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The improvements don’t just end at IPC. With Ryzen 3rd Generation, as the CPU cores are on their own chiplets, AMD was able to pack way more L2 and L3 cache into the Ryzen 7 3700X – with 4MB and 32MB, respectively. Essentially, this processor has a grand total of 36MB of Cache, which AMD lumps together as ‘GameCache’. This GameCache isn’t anything entirely new, but it does show that this will help boost gaming performance in some cases – especially in older 1080p esports games. The major addition to the 3rd Generation of Ryzen, however, is PCIe 4.0. When paired with an AMD Navi graphics card like the Radeon RX 5700 XT or RX 5700, you’ll experience much better performance, thanks to increased bandwidth. However, the way we look at it, SSDs are the real stars of the PCIe 4.0 show. Through this superior connection,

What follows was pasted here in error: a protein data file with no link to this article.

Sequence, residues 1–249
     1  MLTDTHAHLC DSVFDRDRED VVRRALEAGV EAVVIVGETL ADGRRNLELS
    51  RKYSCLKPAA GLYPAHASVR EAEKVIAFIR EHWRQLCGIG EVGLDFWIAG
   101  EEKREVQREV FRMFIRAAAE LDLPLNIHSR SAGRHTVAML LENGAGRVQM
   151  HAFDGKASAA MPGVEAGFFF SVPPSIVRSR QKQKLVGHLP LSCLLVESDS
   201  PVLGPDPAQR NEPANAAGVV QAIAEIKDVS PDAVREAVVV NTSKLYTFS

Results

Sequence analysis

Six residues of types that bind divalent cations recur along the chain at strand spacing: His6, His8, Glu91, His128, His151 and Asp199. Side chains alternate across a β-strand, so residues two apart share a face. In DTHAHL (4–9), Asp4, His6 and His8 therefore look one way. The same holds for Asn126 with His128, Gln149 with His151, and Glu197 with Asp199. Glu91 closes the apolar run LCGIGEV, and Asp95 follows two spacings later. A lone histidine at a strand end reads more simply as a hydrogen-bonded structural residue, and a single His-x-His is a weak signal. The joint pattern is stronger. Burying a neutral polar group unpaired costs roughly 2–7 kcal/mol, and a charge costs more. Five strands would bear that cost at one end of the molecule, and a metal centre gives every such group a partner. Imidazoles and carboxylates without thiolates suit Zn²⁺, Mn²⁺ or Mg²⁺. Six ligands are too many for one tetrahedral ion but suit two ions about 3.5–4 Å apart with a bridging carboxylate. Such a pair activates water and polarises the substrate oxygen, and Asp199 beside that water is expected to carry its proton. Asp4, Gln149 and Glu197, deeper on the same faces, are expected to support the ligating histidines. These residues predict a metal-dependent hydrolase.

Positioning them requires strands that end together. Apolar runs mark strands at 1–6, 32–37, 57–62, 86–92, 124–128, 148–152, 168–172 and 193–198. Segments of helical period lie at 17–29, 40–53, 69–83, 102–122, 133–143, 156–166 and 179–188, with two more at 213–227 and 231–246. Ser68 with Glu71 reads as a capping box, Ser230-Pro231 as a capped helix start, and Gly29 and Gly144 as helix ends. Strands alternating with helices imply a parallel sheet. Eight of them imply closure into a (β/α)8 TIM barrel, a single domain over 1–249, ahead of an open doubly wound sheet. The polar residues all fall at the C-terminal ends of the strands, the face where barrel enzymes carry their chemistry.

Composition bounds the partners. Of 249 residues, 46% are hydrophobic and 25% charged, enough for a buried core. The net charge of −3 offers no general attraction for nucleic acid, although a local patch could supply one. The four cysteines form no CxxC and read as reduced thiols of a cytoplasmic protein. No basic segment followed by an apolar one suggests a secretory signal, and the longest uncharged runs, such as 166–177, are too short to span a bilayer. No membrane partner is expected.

NVMe SSDs are potentially up to 51% faster than their non-PCIe 4.0 peers. In our own testing, the Aorus PCIe 4.0 SSD that AMD provided was able to get up to 4,996 MB/s sequential read speeds. That’s remarkably fast for an SSD. Image 1 of 4 We’re putting that theory to the test with the Ryzen 7 3700X. This chip features the same total core count as its predecessor, the Ryzen 7 2700X, at eight cores and 16 threads. Plenty enough silicon for us gamers, and quite a bit else. AMD has seen fit to make some big changes to the underlying tech to increase instructions per clock (IPC) and power efficiency for even more bang for your buck than last time. It’s a tad cheaper than the Intel Core i7 9700K, the de facto high-end gaming chip of the moment from Intel. And that also includes the Wraith Prism cooler. That’s a pretty good get.